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In The Studio: Setting Up The Perfect Headphone Monitor Mix

There are certainties in life: everyone is mortal and the vocalist will ask for reverb in the headphones...

By Mark Marshall February 26, 2014

This article is provided by the Pro Audio Files.

There are certainties in life: everyone is mortal and the vocalist will ask for reverb in the headphones.

Unfortunately, only one of these has a solution.

Vocalists, more then anyone need to have a good headphone mix. Mind you, everyone benefits from a great mix. But, nobody is more exposed than a vocalist for the sheer reason that the voice is a direct expression of emotion.

Headphone mixes are amongst the most neglected parts of a session. Far too many engineers have never been on the other side of the glass. And even if they have, it’s easy to lose perspective over time.

It’s good to square away some time to create your own headphone mix. Lay down some vocals on a dummy track. Go through the process. See what it feels like and what you need to make it better. It doesn’t matter if you’re not a great singer. It just matters that you feel what it’s like and become more sensitive to the situation.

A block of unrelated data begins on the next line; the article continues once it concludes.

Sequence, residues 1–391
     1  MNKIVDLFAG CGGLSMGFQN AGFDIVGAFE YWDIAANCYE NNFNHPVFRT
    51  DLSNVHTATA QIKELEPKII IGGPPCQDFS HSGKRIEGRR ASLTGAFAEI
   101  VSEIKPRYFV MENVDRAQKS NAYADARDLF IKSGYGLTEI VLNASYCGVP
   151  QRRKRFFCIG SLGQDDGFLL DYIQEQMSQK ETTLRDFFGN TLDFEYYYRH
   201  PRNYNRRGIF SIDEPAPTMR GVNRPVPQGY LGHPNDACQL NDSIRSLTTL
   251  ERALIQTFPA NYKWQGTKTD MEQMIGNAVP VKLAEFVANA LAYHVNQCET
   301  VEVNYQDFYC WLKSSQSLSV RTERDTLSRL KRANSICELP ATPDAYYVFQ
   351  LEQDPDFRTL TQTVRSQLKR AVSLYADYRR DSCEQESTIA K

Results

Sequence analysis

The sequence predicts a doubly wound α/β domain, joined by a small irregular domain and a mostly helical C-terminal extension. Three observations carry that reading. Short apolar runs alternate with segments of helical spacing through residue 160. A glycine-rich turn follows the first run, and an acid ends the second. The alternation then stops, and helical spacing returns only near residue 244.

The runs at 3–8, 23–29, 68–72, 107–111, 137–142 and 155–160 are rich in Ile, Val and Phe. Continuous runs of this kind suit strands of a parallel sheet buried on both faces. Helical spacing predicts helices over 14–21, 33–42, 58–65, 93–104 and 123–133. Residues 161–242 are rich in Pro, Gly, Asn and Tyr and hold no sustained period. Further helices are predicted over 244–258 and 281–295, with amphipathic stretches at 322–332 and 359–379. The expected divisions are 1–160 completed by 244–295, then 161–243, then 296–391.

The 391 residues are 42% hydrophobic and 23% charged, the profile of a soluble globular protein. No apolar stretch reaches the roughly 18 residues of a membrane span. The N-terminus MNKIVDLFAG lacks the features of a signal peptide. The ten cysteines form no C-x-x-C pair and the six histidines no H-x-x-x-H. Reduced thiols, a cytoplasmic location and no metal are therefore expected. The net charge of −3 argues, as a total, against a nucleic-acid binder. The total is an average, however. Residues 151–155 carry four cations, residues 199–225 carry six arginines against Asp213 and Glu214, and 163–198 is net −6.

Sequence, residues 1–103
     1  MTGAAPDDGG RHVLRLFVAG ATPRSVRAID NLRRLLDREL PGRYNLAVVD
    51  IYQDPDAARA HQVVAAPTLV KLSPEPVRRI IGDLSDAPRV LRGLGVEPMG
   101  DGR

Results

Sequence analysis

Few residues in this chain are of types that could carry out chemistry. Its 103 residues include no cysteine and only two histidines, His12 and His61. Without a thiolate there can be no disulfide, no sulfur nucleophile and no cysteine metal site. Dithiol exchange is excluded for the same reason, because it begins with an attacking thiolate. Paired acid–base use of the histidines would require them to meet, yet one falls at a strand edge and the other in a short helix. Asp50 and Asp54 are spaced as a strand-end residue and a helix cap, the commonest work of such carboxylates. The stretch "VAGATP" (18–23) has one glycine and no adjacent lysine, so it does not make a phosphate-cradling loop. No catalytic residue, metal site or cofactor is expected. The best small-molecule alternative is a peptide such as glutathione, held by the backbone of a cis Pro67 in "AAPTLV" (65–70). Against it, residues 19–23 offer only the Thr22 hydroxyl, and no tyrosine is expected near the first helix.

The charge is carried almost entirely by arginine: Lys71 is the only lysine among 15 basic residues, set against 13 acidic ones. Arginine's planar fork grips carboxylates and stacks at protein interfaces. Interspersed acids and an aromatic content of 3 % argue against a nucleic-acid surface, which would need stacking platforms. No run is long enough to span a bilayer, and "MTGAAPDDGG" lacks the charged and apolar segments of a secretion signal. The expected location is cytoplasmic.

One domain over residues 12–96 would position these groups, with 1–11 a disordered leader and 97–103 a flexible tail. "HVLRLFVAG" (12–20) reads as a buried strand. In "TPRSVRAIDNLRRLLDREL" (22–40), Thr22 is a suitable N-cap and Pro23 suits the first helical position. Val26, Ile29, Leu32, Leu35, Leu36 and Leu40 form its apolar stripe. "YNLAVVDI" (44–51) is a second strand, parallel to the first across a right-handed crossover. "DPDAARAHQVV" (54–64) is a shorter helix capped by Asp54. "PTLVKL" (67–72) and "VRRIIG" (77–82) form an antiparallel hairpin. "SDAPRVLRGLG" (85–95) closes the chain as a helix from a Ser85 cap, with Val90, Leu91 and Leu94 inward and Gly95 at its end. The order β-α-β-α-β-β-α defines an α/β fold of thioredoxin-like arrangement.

Over Exposure
Setting a vocalist up with no verb can make them relive that lifelong nightmare of standing at the front of the classroom with no clothes on. Nobody wants to be that exposed. Well, most of us anyway.

If you want to get the most out of a vocalist, it’s a good idea to create a safe place in the cans.

Here’s what I do: I have a reverb and compressor ready to go just for the monitor mix. It doesn’t matter if it’s the verb or compressor you will use on mix down. It just matters that it makes the singer sound good to themselves.

If you don’t have this ready to go as soon as they put on their cans on, you’re going to have an uphill battle of insecurity to overcome.
Into The Great Wide Open

Here are a few steps I take before sending in the vocalist:

1) Set up the mic

2) Check signal chain

3) Get a pre-mix balance of the instruments in the phones. Yes, they’re going to adjust, but first impressions are often the most important

4) Have routing set up for headphone mix effects

I Found A Reason…
… a reason why I use a compressor: It makes the subtleties of the performance come out. They will be able to hear all the minute articulation and expressions. Pitch will get better and they will be able to hear themselves clearer.

They may want a fair amount of reverb and it’s fine. Reverb creates space and this space to a vocalist is like a warm blanket in the winter. Be ok with it. If it turns out to be too much and they’re pitch is wavering then you can knock it down a bit. Don’t be the reverb police.

Delay is another good plug-in to have on the bus ready to go. Sometimes a slapback can inspire. Or even a long delay.

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